"Today we honor the best and whitest"
This article is making its way through my news feed again, despite the fact that it is more than 2 years old. Fresh comments, fresh outrage from the community. Students experiencing race-based standards give interviews on NPR about how these standards make them feel and think while they are inside the classroom. To date my favorite casual observational comment about having different standards for different sets of students based on their race is, “based upon their race? The only race is human”. IF these standards a way for the public education policy to attempt to acknowledge the reality of racial differences then they are misunderstanding the way structural differences are reproduced. Racism Without Racists, by Eduardo Bonilla-Silva tackles the topics of racism and social stratification through a paradoxical lens of how people see themselves as racialized beings.
Bonilla-Silva says that most white people do not recognize a “white culture”, one that dominates the American landscape and works to maintain white positions of power and privilege. He provides evidence for a white identity crisis by describing how most white people, on average, support the ideal of equality and opportunity for all, regardless of race. Despite a surface equality rhetoric espoused by the majority of white citizens’ racism, discrimination, unequal opportunity, and racial segregation continue to permeate the U.S. landscape typically reproduced in the dialectic of abstract liberalism which adheres to principles such as individualism, merit, and work ethic. When taken together, a desire to maintain the privilege of one group and cultural explanations of economic injustice, a more sophisticated form of racism and hostility emerges. The seemingly paradoxical vision of white America is the phenomena called “color-blind racism”. It has become part of the American fabric through a series of rhetorical twists that unless examined closely remain unacknowledged.
Jessica Williams, a popular Daily Show correspondent, was recently given a career prescription by well-meaning white folks intent on addressing the racial (and gendered) disparities in late night talk shows. Williams, had previously said thanks but no thanks to the twitterverse who rallied to get her to apply for the position. She said, “I’m not hosting. Thank you but I am extremely under-qualified for the job!” The appropriate response to Williams’ side step is “we look forward to your next segment”. Encouraging a “lean-in” approach may not be in her best interest. Only SHE knows what is best for her. Listen, internet. Listen to her point of view. Then respect her choices.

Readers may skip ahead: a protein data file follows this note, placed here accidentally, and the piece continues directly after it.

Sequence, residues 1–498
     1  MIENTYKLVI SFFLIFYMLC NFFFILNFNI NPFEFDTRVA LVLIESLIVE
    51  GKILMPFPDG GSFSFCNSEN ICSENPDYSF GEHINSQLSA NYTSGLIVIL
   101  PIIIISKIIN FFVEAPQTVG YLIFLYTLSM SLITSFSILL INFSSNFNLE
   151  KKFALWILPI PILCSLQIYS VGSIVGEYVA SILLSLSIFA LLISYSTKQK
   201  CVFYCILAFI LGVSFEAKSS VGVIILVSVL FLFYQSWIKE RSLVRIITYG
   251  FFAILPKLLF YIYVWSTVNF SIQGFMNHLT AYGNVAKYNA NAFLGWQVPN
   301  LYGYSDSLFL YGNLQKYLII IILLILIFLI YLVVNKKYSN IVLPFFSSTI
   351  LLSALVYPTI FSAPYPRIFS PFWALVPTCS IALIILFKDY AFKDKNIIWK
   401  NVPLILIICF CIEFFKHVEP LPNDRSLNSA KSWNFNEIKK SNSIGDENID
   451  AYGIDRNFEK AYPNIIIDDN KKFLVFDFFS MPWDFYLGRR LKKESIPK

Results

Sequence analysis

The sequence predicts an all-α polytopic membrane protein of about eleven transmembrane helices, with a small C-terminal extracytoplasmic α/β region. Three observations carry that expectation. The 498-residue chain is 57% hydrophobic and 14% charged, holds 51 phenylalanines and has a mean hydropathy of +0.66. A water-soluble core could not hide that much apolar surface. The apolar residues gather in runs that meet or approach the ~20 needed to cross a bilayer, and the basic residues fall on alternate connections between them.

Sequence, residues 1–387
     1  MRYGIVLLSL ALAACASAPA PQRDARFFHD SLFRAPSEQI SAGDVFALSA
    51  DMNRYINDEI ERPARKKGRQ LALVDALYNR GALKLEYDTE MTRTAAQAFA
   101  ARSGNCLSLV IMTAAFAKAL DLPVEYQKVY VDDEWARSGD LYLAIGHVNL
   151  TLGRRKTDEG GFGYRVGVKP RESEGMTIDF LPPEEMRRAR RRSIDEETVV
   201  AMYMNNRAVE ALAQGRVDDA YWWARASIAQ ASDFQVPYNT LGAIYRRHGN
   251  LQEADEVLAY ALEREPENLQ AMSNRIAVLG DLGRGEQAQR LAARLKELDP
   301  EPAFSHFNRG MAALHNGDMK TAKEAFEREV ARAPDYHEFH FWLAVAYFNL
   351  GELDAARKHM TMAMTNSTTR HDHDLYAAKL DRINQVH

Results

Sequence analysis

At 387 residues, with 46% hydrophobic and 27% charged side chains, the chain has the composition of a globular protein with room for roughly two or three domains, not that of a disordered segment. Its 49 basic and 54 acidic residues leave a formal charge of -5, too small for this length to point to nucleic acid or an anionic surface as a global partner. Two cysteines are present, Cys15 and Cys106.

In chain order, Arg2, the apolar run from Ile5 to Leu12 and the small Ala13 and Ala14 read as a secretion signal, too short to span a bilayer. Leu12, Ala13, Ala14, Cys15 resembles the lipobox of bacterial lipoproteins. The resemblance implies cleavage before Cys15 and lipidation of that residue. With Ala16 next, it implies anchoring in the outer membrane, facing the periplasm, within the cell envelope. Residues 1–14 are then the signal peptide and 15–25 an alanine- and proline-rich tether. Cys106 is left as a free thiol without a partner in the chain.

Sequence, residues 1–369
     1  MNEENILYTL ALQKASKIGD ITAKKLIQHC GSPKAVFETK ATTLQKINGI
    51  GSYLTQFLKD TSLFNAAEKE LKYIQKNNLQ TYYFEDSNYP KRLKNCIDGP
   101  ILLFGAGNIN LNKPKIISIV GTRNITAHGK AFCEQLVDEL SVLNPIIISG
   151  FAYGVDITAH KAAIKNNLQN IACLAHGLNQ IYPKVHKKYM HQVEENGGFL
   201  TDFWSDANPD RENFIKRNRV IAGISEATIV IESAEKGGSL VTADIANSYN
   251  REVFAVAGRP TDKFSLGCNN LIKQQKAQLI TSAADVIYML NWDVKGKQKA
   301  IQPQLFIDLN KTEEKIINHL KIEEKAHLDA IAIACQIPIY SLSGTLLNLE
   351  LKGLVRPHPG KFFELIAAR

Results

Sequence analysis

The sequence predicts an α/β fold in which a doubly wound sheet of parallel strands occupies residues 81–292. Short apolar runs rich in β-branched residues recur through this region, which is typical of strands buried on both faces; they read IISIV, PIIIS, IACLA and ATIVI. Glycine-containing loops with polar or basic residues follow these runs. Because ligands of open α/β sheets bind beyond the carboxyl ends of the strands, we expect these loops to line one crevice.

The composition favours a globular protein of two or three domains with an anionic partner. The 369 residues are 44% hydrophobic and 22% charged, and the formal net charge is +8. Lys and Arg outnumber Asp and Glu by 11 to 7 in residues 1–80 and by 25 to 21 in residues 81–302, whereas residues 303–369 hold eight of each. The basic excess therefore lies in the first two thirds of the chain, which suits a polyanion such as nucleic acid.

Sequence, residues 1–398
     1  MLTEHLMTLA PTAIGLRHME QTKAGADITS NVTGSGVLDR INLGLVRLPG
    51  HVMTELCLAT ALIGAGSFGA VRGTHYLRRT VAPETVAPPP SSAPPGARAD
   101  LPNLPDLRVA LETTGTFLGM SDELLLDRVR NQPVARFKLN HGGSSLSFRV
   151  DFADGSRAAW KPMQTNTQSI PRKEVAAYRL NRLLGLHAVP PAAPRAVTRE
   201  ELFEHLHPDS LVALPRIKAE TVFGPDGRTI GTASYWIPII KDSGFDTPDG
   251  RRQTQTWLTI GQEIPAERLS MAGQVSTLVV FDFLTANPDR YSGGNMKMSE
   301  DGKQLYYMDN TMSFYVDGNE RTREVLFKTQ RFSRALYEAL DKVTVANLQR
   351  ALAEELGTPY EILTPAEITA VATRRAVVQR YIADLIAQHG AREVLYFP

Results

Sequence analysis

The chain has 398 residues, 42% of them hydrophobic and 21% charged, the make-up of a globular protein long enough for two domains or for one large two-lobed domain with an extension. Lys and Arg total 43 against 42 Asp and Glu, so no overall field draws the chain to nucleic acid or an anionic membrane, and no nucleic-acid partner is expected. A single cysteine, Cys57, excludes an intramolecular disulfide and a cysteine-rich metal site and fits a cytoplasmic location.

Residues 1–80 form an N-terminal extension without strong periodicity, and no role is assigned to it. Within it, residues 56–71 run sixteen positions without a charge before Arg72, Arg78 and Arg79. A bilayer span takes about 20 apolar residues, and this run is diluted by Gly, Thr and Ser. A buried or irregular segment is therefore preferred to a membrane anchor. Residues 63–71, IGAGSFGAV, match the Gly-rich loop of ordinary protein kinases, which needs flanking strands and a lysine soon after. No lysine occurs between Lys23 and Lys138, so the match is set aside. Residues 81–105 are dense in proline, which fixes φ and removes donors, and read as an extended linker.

Color-blindness is a one way to rationalize a post racial society and the claim that racism is now a dead issue. The achievement discussion is an abstract liberal frame which is a set of ethics or morals couched in individualism, egalitarianism, and work ethic. This frame allows white people to be reasonable and promote a “merit based” system while also opposing all structural programs and services targeted toward situating minority groups for higher rates of success overall. These programs include but are not limited to affirmative action programs in educational institutions and in the workforce and desegregation laws. When forming their personal ethical code, many white people unreflectively rank abstract liberalism above reorganizing society to make things fairer for the greatest number using the language of merit, individualism, and work ethic. They are blind to structural benefits and view differences as individual hurdles.
Color-blind policy making puts racial minorities at a disadvantage unless preexisting inequalities are corrected or taken into account. Preexisting inequalities are not measured at the individual level with school children or a single comedian/actor. Lowering standards is a measurement of what we already know, namely that segregation, isolation, and poverty do not mix well with learning. However, instead of addressing barriers to learning, public education in Florida chose to cover them up by claiming “incremental success”. Don’t fall for the smoke and mirrors. Bonilla-Silva is also speaking directly to a white population about their inability to see that they too are racial creatures with both privileges and marginalizations as Lee Thorpe points out here and here. The ability to see a reflective white racial identity makes it possible to also really hear (must listen!) the disenfranchisement among other racial groups. When parents and students of color loudly claim that differentiated standards make them feel…well, different, targeted, isolated – the public education system should listen. And when a successful television personality says she isn’t ready to accept a high profile position, her fans should cheer her on in whatever path she chooses to follow.